The Religious Society of Friends is well known for its charity work and innovation.  Perhaps the most cited incidence of this is during the Famine in Ireland when Friends formed Relief Committees which provided food to anyone in need regardless of the religion.

They provided for the setting up of soup kitchens as well as distribution of seeds for other food crops. About €14million in today’s money was raised mainly from Friends living abroad.[4]

 This collection contains the minutes of the Limerick men’s and women’s Meetings. The minutes record discussions on travel, marriage, removals and correspondence from friends in Ireland and abroad. The collection also contains a Record of Suffering 1777-1857, which records goods seized from Friends in lieu of tithes to the Established Church.  ‘8th Month  Taken from Wm McAllister by Patk. Lahiff, Tithemonger under Maurice Crosby Dean of Limk. for a demand of  17 for a two years tithes 3 carloads Hay worth [ab] 2.0.0.’ 

The  collection also includes Account Books, Notices of Removals, records of Friends removed form the Society for improper behaviour, notices of friends transferring from and to other meetings and records of Quaker  Births, Deaths and Marriages. The Relief Committee Minutes books record the decisions of the relief committee in relation to relief in Clare and Limerick during the Famine period;  ‘we are directed to place at thy disposal five pounds, to be given on loan to assist the poor fishermen of Kilkee in repairing nets, boats…which we trust may be useful to them.’  6 July 1847.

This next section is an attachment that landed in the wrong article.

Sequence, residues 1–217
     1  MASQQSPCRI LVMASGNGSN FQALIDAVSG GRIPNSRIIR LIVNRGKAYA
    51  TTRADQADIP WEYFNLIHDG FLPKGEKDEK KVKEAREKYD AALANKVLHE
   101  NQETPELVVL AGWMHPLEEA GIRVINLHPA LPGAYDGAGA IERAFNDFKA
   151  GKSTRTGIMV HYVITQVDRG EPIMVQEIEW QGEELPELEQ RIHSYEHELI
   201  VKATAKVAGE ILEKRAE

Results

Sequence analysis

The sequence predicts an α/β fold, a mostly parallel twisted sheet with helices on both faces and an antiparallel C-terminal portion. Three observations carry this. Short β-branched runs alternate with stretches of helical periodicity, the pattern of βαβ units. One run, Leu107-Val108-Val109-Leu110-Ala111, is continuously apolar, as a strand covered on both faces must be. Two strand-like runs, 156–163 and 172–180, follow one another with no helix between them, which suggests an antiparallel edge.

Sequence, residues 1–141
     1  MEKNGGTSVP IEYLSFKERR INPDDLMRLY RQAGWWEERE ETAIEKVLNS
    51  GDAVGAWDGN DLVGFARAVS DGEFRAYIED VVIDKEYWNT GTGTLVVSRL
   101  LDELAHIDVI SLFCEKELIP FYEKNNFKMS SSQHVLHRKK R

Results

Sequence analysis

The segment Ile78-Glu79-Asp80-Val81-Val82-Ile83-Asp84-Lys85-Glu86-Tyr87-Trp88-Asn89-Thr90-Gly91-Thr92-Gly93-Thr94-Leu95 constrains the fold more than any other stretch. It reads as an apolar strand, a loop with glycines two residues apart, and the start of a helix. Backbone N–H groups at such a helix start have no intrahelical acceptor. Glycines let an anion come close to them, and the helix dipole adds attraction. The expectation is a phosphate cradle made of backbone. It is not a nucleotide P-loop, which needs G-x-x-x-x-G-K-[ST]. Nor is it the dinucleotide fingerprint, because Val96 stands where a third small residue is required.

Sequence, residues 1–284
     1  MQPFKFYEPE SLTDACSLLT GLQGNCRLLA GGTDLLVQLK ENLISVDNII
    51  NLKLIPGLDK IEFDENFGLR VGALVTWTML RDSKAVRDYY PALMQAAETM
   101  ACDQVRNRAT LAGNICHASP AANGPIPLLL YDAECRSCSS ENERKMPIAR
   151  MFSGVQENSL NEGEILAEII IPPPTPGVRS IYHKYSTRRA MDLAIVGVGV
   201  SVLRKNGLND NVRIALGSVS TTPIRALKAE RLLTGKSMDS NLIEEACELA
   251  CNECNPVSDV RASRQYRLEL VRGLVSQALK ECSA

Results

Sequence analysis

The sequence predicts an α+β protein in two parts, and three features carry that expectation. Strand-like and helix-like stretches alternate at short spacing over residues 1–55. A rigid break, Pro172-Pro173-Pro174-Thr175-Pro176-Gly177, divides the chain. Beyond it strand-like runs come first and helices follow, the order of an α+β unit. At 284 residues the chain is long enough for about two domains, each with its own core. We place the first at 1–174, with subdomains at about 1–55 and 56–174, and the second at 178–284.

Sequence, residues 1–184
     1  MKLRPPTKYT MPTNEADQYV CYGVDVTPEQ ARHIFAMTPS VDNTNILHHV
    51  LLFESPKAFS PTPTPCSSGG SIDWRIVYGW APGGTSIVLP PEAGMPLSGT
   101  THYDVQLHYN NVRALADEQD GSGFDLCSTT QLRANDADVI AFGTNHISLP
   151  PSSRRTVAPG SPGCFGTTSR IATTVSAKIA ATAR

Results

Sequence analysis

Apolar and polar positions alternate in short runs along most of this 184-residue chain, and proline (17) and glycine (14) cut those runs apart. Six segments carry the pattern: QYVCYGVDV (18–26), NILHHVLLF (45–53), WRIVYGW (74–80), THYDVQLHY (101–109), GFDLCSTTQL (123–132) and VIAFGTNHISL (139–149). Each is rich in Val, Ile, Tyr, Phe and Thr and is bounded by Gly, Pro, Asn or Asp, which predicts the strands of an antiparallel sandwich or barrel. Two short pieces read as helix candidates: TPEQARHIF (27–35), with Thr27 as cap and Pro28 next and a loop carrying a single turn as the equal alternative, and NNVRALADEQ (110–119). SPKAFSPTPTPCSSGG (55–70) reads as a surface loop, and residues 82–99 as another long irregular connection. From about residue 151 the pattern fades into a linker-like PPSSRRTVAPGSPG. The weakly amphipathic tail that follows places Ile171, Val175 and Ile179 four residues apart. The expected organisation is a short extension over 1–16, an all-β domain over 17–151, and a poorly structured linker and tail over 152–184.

On the same day the committee also refused an application from the Guild of Weavers in Limerick City, writing that they expect to be able to adopt such measures as will assist the destitute poor in parts of this City without reference to any particular class’. 

The collection is a wonderful insight into the Quaker community in the Limerick area, documenting their births, deaths and marriages, their monthly meetings and their response to prevailing social and economic conditions.  



[1] Society of Friends website:

[2] Sean Spellissey, History Of Limerick City, The Celtic Bookshop 1998.

[3] Sean Spellissey, History of Limerick City, The Celtic Bookshop 1998

[4] Society of Friends website:



Religious Society of Friends (Quakers)

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Copyright is held by the Religious Society of Friends in Ireland. Reproduction for personal use including downloading from a website is permitted. Permission to publish any of the material should be obtained from The Curator, Friends Historical Library, Stocking Lane, Dublin 16 The use of excerpts in  scholarly publication will usually be permitted without fee, provided due acknowledgement is made. Resale or commercial use of the material is not permitted

Related Materials:

Limerick Society of Friends Munster Province Records